Two women have their hands come together to make a heart at sunset.

Book Review: When Katie Met Cassidy

From the archives of lost reviews of 2020—this is the last one!—comes When Katie Met Cassidy by Camille Perri. I was so excited to read a romance centred on two women that was popping up everywhere in mainstream book culture that wasn’t written for young adults (finally!), and I was really hoping that this was going to live up to the hype and do the LGBTQ+ community proud. I was looking for a light read (I had just had a baby and the pandemic was still in the early days where we were naive enough to think the end was coming) and was looking for this to be just the ticket to take my mind off things.

Katie Daniels, a twenty-eight-year-old Kentucky transplant with a strong set of traditional values, has just been dumped by her fiancé when she finds herself seated across a negotiating table from native New Yorker Cassidy Price, a sexy, self-assured woman wearing a man’s suit. At first neither of them knows what to make of the other, but soon their undeniable connection will bring into question everything each of them thought they knew about sex and love.

When Katie Met Cassidy is a romantic comedy about gender and sexuality, and the importance of figuring out who we are in order to go after what we truly want. It’s also a portrait of a high-drama subculture where barrooms may as well be bedrooms, and loyal friends fill in the spaces absent families leave behind. Katie’s glimpse into this wild yet fiercely tight-knit community begins to alter not only how she sees the larger world, but also where exactly she fits in.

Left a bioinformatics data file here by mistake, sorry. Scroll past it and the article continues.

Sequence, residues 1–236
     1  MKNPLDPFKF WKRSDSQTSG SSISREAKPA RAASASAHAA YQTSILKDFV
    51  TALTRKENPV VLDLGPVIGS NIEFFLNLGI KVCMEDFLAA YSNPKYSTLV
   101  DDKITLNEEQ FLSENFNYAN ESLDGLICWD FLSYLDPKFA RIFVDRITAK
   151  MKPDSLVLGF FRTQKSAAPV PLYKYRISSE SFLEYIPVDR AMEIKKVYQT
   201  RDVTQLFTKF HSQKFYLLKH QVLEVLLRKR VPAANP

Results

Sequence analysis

My musings
This is a perfectly satisfactory—pretty boring—romantic comedy, though the only thing that really stands out about it is that it’s between two women. Neither characters are really compelling, and their romance, though believable, really just doesn’t feel like it will go the distance. It was a quick read with pretty broad stereotypes and was just fine. I’ve heard other of Perri’s novels are better, so we’ll see if I’ll pick one of those up in the future.


An illustration of two women kissing, in profile, very abstract.

“The time for pretending to be someone she wasn’t—someone supposedly better and more refined—was over.”—Camille PerriWhen Katie Met Cassidy

Thank you to Miguel Oros on Unsplash for the featured photo.

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